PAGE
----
Rated R isn't just dark, but unrelentingly dark. The one-time Little Miss Sunshine works with various producers here, including Stargate, will.i.am and UK drum 'n' base duo Chase & Status, but the tone remains menacing and macabre throughout. If a track like 'Pon De Replay' had inexplicably been slipped onto this disc, it would stick out like a working girl at a W.I. meeting among all the brooding beats, fuggy guitars and sinister synths. However, this isn't to say that Rated R lacks sonic variety. It gets pretty dubsteppy on 'Wait Your Turn', heads for the dancehall on 'Rude Boy', and even throws in some flamenco guitar during 'Te Amo'. Nor, as the likes of 'Hard', 'Fire Bomb' and 'Wait Your Turn' prove, is there a lack of pop hooks.
However, if one word describes how Rated R sounds, quite another encapsulates what it's about. Rihanna is all posture and swagger here, alternately presenting herself as "the hottest bitch in heels", a "gangster for life" and a gun-toting, grenade-pitching soldier. On 'Hard' she offers this as a terse CV summary: "Brilliant, resilient, fanmail from 27 million." At times, she sings in a surprisingly harsh Caribbean accent that she's never used on record before - "brave", for example, becomes "breer-eerve" - and she takes songwriting credits on nine of these 13 tracks, an increase of nine from her last album. That word? Control.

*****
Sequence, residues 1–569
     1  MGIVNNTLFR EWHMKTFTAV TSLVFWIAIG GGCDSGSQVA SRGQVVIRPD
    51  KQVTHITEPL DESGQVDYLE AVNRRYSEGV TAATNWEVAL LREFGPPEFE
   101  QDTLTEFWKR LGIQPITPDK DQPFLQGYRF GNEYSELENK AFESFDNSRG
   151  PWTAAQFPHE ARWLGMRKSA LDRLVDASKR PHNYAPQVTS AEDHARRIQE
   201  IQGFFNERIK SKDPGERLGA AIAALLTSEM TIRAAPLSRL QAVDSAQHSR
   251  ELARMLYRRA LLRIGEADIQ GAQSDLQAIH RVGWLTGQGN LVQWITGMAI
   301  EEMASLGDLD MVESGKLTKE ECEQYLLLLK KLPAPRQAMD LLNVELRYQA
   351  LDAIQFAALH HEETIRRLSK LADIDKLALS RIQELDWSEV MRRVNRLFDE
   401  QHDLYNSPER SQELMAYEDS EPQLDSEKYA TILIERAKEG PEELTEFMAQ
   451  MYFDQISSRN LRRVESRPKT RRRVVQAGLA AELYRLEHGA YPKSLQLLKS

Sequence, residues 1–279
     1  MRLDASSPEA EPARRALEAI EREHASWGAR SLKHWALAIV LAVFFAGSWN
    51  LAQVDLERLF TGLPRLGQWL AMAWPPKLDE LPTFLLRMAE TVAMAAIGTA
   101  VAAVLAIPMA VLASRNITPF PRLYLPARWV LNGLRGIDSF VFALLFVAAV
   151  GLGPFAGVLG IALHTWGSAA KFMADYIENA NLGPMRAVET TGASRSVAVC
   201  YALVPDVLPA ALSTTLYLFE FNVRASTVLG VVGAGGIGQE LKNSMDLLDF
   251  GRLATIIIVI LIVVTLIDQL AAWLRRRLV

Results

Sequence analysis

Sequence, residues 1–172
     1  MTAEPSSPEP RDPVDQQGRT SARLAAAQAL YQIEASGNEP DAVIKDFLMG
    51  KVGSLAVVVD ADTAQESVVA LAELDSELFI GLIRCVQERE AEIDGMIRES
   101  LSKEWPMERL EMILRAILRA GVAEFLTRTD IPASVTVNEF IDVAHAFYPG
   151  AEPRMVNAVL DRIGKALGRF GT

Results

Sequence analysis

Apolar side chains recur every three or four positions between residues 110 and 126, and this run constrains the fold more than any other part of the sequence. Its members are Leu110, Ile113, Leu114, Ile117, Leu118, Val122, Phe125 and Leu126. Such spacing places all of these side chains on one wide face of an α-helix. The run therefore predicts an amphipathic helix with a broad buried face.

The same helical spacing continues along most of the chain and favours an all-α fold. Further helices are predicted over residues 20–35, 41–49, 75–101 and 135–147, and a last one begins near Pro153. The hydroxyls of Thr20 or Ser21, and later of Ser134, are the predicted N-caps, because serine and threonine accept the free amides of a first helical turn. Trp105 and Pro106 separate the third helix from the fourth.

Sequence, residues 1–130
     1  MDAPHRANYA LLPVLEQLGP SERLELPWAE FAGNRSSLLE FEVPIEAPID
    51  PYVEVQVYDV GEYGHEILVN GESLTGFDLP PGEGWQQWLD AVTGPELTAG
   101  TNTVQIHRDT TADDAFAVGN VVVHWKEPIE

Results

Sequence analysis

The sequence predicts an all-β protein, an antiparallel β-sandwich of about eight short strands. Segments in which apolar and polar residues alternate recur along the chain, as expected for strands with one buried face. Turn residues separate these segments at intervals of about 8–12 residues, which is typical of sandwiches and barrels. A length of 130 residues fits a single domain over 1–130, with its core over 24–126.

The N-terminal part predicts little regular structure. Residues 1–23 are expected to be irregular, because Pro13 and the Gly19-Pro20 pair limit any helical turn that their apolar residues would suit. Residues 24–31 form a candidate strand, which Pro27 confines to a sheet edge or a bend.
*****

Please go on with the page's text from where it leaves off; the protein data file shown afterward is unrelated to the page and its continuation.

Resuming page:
Of course, commentators who know Rihanna from TMZ as much as from MTV will attribute all this to The Chris Brown Incident. They'd have a point, especially since Rated R isn't afraid to allude to the attack. The Justin Timberlake-penned 'Cold Case Love' features the couplet "Prints, pictures and white outlines / Are all that's left at the scene of a cold case love", while 'Fire Bomb' finds Rihanna singing about smashing through the windscreen, an undeniably shocking image from a woman whose then boyfriend reportedly gave her a black eye by bashing her face against a car window. Less explicit, though equally gossip rag-friendly, are lyrics elsewhere on the album about never playing the victim, not being stupid in love and seeing your life flashing before your eyes.
But, to whatever extent it was inspired by becoming a very public victim of domestic violence, Rated R should primarily be perceived as Rihanna's most significant career progression yet. If 'Pon De Replay' and 'SOS' showed she could sell a pop single, and 2007's Good Girl Gone Bad proved she could carry an entire album, this is the record – startling in vision, startlingly good in execution – that elevates her from popstar to pop artist. Rihanna, in case you were wondering, is still only 21 years old.